Drawing the line: Correctly
The quickest and easiest way to establish a trend is by drawing a trend line, yet it is unbelievable and frightening how often these are done incorrectly. At the risk of being pedantic and accused of treating readers condescendingly, we remind how things ought to be done. We also make suggestions as to when and how to bend the rules.
In a bull market a trend line must be drawn under the prices (bars, candles or line charts) and at least three points of contact must be made; the more the merrier and the stronger the signal when a break occurs. A parallel can be drawn above the prices creating a trend channel, a break of the upper line merely suggesting acceleration rather than anything more exciting. The narrower the trend channel, the stronger its validity and the signals it might generate; very broad bands are just that. The only time any old line can be drawn above prices in a bull market is when it forms part of a pattern, a triangle for example, and must not be labelled a trend line.
Conversely in a bear market all of the above are reversed and the same rules hold. The temptation to draw a semi-parallel line below prices is great – but incorrect – and is caused by the tendency for bear markets to end slowly and cautiously (creating a downward-sloping wedge pattern) while bull markets are more likely to end with a bang (like a shooting star) not a whimper.
An Andrews pitchfork consists of three parallel lines, a central one that hugs price action and two outer ones which attempt to capture most but not all of the extremes; points of contact do not apply rigorously here. Think of it like linear regression around which one, two, or other (1.6 perhaps?) standard deviation bands are drawn.
When you plot a line and don’t like the look of it, just keep on trying. I usually join the bodies of the candles and ignore the wicks as these are often spikes in the market, but then one must remember that only a close through the line constitutes a real break. Where a trend is slowing, draw several line segments that capture waning momentum – and acknowledge that it may not constitute a true break in trend. Finally, when nothing seems to work accept that there is no trend. The reality is that all too many markets spend most of their time meandering rather than trending.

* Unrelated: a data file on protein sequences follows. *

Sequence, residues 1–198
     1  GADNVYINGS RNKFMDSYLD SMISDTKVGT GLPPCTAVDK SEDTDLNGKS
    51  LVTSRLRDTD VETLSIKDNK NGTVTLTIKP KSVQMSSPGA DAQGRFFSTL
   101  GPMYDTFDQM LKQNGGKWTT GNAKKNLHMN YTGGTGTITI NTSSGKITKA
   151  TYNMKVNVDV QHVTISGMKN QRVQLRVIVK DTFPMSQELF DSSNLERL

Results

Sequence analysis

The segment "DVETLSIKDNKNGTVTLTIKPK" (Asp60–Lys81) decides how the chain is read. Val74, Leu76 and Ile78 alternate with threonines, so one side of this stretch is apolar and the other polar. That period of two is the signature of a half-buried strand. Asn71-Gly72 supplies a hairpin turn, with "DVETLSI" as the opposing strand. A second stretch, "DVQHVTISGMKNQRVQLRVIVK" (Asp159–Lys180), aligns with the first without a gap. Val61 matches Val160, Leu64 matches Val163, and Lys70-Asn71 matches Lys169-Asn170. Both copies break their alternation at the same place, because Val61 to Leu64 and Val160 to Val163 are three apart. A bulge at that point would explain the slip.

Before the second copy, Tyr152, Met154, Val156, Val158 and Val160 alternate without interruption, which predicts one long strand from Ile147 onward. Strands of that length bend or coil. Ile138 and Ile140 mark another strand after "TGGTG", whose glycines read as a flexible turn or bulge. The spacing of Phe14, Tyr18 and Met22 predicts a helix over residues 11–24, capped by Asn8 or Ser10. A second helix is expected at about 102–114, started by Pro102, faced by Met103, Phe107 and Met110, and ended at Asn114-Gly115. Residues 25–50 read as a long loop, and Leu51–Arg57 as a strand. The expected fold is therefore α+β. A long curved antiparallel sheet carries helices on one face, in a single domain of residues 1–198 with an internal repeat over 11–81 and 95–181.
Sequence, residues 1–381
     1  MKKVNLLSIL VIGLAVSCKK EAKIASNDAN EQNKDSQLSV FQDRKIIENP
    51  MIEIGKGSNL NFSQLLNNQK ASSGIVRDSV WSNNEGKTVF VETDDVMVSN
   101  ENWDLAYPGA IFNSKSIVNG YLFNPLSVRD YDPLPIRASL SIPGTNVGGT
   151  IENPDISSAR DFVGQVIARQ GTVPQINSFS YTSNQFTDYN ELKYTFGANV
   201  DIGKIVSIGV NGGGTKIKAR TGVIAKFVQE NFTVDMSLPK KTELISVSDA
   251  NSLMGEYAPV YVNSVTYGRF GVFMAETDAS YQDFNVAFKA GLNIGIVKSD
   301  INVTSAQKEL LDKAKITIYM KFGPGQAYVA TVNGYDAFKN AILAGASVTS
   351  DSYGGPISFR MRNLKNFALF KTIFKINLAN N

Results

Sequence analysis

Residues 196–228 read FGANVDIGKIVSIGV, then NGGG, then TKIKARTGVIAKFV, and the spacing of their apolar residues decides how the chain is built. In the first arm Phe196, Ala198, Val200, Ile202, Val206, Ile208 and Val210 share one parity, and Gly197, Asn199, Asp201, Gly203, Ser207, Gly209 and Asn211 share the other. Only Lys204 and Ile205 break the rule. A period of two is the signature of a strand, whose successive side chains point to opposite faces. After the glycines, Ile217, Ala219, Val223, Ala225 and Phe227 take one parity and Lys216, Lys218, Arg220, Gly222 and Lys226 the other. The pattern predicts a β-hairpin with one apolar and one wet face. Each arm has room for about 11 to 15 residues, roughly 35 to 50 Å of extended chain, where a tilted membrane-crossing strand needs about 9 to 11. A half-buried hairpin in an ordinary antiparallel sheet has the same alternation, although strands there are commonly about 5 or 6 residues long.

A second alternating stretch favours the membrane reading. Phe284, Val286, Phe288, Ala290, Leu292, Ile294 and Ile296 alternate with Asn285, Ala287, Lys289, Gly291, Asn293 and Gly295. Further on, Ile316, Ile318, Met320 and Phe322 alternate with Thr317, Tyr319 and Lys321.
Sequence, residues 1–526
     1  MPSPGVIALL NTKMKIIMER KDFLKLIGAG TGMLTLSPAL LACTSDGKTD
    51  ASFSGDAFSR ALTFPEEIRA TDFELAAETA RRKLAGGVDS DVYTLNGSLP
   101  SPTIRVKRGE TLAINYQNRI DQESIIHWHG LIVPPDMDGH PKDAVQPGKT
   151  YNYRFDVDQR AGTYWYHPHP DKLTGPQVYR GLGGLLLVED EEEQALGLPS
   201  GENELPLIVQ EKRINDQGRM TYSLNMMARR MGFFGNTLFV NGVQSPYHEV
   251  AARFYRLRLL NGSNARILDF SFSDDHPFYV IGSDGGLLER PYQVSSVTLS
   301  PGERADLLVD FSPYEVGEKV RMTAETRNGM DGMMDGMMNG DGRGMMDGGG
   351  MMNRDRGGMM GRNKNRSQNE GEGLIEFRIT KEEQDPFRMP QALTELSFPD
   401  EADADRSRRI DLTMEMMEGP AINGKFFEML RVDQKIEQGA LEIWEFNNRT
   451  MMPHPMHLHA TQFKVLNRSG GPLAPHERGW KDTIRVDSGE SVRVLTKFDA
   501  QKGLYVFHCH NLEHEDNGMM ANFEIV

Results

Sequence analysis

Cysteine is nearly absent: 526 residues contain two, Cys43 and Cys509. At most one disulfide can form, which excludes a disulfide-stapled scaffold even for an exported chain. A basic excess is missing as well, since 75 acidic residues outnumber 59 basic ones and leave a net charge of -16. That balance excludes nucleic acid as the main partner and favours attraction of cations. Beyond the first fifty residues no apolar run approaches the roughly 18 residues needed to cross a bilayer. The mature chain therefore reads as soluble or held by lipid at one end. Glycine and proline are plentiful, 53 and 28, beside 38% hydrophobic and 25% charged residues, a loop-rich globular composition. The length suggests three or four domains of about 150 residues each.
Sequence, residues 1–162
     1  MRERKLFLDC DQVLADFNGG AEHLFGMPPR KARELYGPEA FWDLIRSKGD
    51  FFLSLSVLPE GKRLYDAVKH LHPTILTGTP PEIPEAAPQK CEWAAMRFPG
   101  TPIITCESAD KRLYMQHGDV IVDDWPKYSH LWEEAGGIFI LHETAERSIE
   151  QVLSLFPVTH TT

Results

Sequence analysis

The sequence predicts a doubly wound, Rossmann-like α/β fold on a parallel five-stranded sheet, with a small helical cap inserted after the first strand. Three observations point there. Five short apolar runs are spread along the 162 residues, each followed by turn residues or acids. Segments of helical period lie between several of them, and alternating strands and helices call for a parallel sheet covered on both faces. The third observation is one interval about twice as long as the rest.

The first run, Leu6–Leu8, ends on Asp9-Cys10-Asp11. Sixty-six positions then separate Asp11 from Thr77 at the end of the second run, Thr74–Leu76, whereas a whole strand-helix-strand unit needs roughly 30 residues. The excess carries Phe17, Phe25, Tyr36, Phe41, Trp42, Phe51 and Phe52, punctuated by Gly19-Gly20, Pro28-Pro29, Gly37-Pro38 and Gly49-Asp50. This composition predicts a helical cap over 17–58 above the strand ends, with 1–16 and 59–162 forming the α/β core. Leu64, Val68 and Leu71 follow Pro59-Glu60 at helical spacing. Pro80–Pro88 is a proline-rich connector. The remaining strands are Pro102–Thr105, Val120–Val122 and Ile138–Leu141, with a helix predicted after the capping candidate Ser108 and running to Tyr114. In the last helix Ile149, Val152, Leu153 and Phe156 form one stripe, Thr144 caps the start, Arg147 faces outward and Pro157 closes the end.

The trend may be your friend, but often s/he is not around.
Charts Thomson Reuters
Tags: channel, pitchfork, Trends
The views and opinions expressed on the STA’s blog do not necessarily represent those of the Society of Technical Analysts (the “STA”), or of any officer, director or member of the STA. The STA makes no representations as to the accuracy, completeness, or reliability of any information on the blog or found by following any link on blog, and none of the STA, STA Administrative Services or any current or past executive board members are liable for any errors, omissions, or delays in this information or any losses, injuries, or damages arising from its display or use. None of the information on the STA’s blog constitutes investment advice.
- ‘How to Benefit from Seasonality in Difficult Markets’: An IFTA webinar on Monday the 1st August August 10, 2022
- Are you a numbers person? And does that make you a metrologist? July 28, 2022
- Celebrate International Technical Analyst Day (09/09/2022) July 28, 2022
- European Central Bank’s turn to blink: Raises key interest rate from negative to negligible July 21, 2022
- STA, ACI UK & THE BROKER CLUB JOINT PANEL DEBATE: THE OUTLOOK FOR CRYPTO IN 2022 – PART II July 14, 2022
- A fireside chat with author Jack D Schwager: He of Market Wizards fame on
- Market Wizards – and their lesser known cohorts: Jack Schwager hits the book launch circuit on
- Colours, clashes and clichés: How and why use colourful charts on
- Do you know Aroon? I do, but not very well on
- Must read classics: Richard W Schabacker – the real bible of technical analysis on